Any same-sex couple looking to get a marriage license in Moore County will have to wait, and the decision for the delay, Moore County Attorney Scott Higginbotham said, isn’t based on emotion, but rather a pragmatic reading of the law.
Counties throughout Texas began issuing marriage licenses after the U.S. Supreme Court ruled by a 5-to-4 vote Friday that the Constitution guarantees a right to same-sex marriage, but Higginbotham said there are two issues that need to be addressed before he’s comfortable with allowing the Moore County Clerk to proceed with issuing licenses to same-sex couples.
“Rule 44 of the Supreme Court says a petition for a rehearing can be filed within 25 days of a decision,” Higginbotham said. “I would advise the Moore County Commissioners that in my legal opinion, this ruling isn’t final until the expiration of the 25 days.”
The Louisiana Clerks of Court Association also has advised clerk offices in that state not to issue licenses during the 25-day period.
Higginbotham also said how Texas should approach issuing same-sex marriage license isn’t clear because the Supreme Court overturned a 6th Circuit Court of Appeals decision that upheld same-sex marriage bans in four states, a decision that propelled the issue to the Supreme Court. But Texas is in the 5th Circuit Court of Appeals, and is waiting for that court to rule in the state’s own same-sex marriage legal battle.
In 2014, U.S. District Judge Orlando Garcia ruled in DeLeon v. Perry that the Texas ban on same-sex marriage, which voters approved in 2005, stigmatizes gay couples for no legitimate reason. Garcia issued a preliminary injunction against the state enforcing the constitutional amendment, but he stayed it from taking effect until his ruling can be reviewed by the 5th Circuit Court.
“And we haven’t heard the court’s ruling on that appeal,” Higginbotham said. “What happens if the 5th Circuit rules in favor of the state? Does that mean the ban in Texas goes back into effect? If so, then all the marriage licenses that have been issued in Texas will be illegal, and that case also will have to go to the Supreme Court. The Supreme Court’s decision on Friday doesn’t clear up the issue in Texas as easily as many people are making it out to be.”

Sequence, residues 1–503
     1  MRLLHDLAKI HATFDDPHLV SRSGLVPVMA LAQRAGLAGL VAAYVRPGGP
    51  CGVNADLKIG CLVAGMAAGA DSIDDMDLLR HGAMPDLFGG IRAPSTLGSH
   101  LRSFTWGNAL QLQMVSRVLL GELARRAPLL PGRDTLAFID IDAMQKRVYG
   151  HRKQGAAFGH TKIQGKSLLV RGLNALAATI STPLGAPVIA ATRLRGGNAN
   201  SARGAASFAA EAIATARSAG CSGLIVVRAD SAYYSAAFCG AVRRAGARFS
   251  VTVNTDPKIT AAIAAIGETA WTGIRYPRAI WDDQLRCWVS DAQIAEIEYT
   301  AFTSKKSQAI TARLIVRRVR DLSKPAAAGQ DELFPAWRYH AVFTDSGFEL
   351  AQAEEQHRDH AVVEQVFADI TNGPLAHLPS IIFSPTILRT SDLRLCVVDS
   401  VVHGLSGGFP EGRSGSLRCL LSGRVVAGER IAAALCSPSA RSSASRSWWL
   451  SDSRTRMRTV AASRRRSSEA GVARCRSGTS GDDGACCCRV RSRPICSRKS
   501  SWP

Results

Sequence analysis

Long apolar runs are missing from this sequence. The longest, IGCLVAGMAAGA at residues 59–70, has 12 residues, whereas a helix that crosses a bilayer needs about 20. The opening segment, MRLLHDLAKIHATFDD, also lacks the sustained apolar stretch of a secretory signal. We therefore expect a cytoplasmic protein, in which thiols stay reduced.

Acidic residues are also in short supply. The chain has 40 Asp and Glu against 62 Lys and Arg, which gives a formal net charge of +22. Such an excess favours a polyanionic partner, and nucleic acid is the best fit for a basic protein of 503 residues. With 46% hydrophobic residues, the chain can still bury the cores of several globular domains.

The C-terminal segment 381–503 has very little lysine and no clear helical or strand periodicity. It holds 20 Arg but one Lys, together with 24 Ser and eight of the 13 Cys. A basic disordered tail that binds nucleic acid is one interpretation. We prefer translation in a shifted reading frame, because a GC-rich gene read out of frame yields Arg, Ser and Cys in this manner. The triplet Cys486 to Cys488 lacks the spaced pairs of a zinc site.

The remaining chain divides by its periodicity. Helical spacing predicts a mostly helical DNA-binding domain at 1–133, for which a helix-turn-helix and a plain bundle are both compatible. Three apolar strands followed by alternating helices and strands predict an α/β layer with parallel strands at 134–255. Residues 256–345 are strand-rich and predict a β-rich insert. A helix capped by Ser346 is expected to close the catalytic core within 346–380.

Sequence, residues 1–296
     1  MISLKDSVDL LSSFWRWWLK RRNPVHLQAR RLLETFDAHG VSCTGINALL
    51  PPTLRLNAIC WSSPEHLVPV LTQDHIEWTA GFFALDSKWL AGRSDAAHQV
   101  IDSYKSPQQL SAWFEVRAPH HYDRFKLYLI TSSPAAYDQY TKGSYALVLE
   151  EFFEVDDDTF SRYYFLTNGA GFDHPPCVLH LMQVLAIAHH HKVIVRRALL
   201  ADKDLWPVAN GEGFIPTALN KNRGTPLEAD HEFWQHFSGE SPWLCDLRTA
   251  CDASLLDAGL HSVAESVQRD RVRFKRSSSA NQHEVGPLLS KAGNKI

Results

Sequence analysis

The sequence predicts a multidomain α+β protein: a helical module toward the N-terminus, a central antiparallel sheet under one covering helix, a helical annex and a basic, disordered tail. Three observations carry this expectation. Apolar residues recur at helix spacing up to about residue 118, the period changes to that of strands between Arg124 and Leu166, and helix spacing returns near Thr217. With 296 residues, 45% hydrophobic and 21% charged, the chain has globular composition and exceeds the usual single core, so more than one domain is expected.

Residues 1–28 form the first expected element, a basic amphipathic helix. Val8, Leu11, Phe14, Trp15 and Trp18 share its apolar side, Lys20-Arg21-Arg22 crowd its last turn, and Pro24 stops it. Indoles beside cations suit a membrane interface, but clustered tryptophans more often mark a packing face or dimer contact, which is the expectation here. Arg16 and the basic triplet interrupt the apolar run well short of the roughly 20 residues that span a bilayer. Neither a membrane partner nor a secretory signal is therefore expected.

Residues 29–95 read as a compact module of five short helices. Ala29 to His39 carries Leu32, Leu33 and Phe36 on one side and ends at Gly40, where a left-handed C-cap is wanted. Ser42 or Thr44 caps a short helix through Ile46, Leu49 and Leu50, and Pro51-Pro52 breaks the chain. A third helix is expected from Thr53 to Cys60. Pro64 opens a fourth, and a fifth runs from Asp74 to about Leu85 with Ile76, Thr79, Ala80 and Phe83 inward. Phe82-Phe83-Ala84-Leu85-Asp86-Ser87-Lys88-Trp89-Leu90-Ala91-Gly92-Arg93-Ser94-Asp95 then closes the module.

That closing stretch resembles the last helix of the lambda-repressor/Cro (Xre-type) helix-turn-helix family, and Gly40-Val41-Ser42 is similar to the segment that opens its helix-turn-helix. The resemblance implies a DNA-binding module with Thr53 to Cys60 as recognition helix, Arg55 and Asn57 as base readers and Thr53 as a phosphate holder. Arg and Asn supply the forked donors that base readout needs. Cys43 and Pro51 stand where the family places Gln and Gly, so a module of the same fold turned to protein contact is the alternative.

Higginbotham said Moore County will follow the law, but he wants to be certain the Supreme Court’s decision will, indeed, be the law of the land. Moore County should wait for the 25 days to expire, he said, but ultimately, the decision rests with the county commissioners.
“If they decide we should begin to immediately issue marriage licenses to same-sex couples, then we’ll do that,” Higginbotham said. “I can only give them advice as the county’s attorney.”
But even if the Moore County Clerk wants to issue marriage licenses now, she doesn’t have any to issue.
“The licenses I have now don’t have the appropriate wording for a same-sex couple,” Moore County Clerk Brenda McKanna said. “Our licenses refer to male and female, and we can’t scratch them out. I’ve ordered new licenses that can be used for a same-sex couple, but the vendor is inundated with orders right now. I don’t know how long it will take to get them.”
McKanna said her office has marriage license applications that can be edited in the computer to accommodate a same-sex couple, and while she’s sworn to uphold the law, she would like to have some time to absorb the Supreme Court’s ruling.
“This is really big,” she said. “I just would like to some time to wrap my head around it.”
Texas Attorney General Ken Paxton said Sunday county clerks can refuse to issue marriage licenses to same-sex couples based on religious objections to gay marriage, but they can be expect to be sued. Higginbotham said it won’t come to that in Moore County.
“I’m not going to allow our county clerk to be put in a position where she can be sued,” he said.